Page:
Support after suicide team expanding services in county

WELLINGTON COUNTY – Grant dollars will keep a post-suicide program alive in the county and provide new programming for those following a suicide attempt.

The Integrated Mobile Police and Crisis Team (IMPACT) Suicide Prevention and Postvention Support Program – known around here simply as the support after suicide team – began in 2020 with a partnership between the Wellington OPP, the county and the Canadian Mental Health Association Waterloo Wellington (CMHA WW) after receiving a 2019 grant.

Taxpayer dollars are divvied across the province through a Community Safety and Policing Grant by the Ministry of the Solicitor General in response to applications by Police Service Boards seeking money for projects focusing on safety, well-being, and crime and victimization reduction.

The province confirmed in April that $647,500 would be funnelled into the local support after suicide program over the next three years, from 2022 to 2025, county treasurer Ken DeHart told the Advertiser.

The county will receive funding at a rate of around $225,000 per year, according to DeHart. The money is then provided by the county to the Canadian Mental Health Association Waterloo Wellington (CMHA WW).

Around 85 per cent of the overall funds ($550,375) will go toward wages for a CMHA WW mental health clinician, a lived-experience peer supporter, and a Wellington OPP mental health coordinator.

The remaining dollars (around $97,125) will pay for consultants, engagement, education and training, DeHart stated in an email.

Cecilia Marie Roberts is the suicide prevention project lead for CMHA WW and designed the county’s Here4Hope strategy — a life-promotion and suicide prevention project started in 2019 that includes mental health training, support, and internal resources for county staff, police and the community at large.

The support after suicide team was born out of the Here4Hope project, meeting a community need for response and support.

“You can think about it almost like a specialized IMPACT team,” Roberts said by phone, calling support after suicide a “made-in-Wellington program.”

When there is a suicide, a mental health coordinator with the OPP contacts the team, which reaches out to affected family members, friends or coworkers to offer a suite of supports.

“When you have a small community and someone dies by suicide, there are many people impacted, because everyone knows everyone and there’s lots of connections,” Roberts said.

“It’s a different kind of loss.”

According to Roberts, people left without support have “a lot of disenfranchised grief” and are at an increased risk of suicidal ideation and negative coping mechanisms.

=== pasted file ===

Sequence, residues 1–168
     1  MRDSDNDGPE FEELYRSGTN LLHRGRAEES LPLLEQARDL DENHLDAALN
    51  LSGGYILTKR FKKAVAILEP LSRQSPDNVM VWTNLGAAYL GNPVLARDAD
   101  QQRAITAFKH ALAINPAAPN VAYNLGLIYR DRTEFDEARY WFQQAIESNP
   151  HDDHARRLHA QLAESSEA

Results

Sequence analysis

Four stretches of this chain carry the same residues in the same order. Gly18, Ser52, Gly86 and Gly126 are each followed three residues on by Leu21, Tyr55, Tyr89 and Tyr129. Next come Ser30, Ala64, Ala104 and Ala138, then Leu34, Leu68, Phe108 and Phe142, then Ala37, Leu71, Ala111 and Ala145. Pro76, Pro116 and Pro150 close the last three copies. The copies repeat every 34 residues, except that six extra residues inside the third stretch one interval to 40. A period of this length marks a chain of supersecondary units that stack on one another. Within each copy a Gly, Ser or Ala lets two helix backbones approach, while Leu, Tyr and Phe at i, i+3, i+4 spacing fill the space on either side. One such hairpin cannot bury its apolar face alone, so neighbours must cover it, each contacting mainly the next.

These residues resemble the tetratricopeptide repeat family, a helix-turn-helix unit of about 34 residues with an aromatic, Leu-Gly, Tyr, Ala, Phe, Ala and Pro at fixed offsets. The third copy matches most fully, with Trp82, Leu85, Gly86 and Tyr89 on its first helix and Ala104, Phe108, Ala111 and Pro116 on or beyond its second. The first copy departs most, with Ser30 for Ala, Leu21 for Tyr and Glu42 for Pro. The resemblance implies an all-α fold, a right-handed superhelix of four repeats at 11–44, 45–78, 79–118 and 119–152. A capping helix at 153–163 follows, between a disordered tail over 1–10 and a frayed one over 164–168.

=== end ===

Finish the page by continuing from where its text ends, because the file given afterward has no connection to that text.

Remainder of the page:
“Postvention is actually prevention,” she said.

In addition to services already provided, new grant dollars will allow the team to provide more three-day crisis intervention training sessions for police (informing officers on what to do when a person is in crisis) and provide a new 20-week program for people who have attempted suicide.

The team is currently training to offer the program, known as Skills For Safer Living, which will provide long-term tools to people living with thoughts of suicide through a group and a peer-supported model.

“If we can provide some service to get them on the right track then they’re not showing up in hospital, they’re not calling police; so it helps the entire system,” Roberts said.

She predicts the program, which hasn’t been offered consistently in the county before, will be regularly available in early 2023.

Roberts is also developing another program, anticipated for a 2023 launch, catering to parents and caregivers supporting a loved one and trying to wrap their minds around suicide.

Since support after suicide launched in 2020, the team has reached out to 137 individuals affected by a suicide death, according to data as of March 31 provided by Roberts.

Of those people, the team served 107 – a 78 per cent uptake.

“Some we reached out to [and] never [heard] back, others had sufficient support and were not interested,” Roberts said of the data.

A past suicide bereavement group saw nine parents participate, and the team has provided six “workplace debriefs” in the aftermath of suicide affecting around 60 people, according to Roberts.

“It feels really good that we’ve been able to help as many people as we have,” she said.

Roberts added postvention supports lead to an improved quality of life for those affected and reduces the number of suicide-related calls police attend.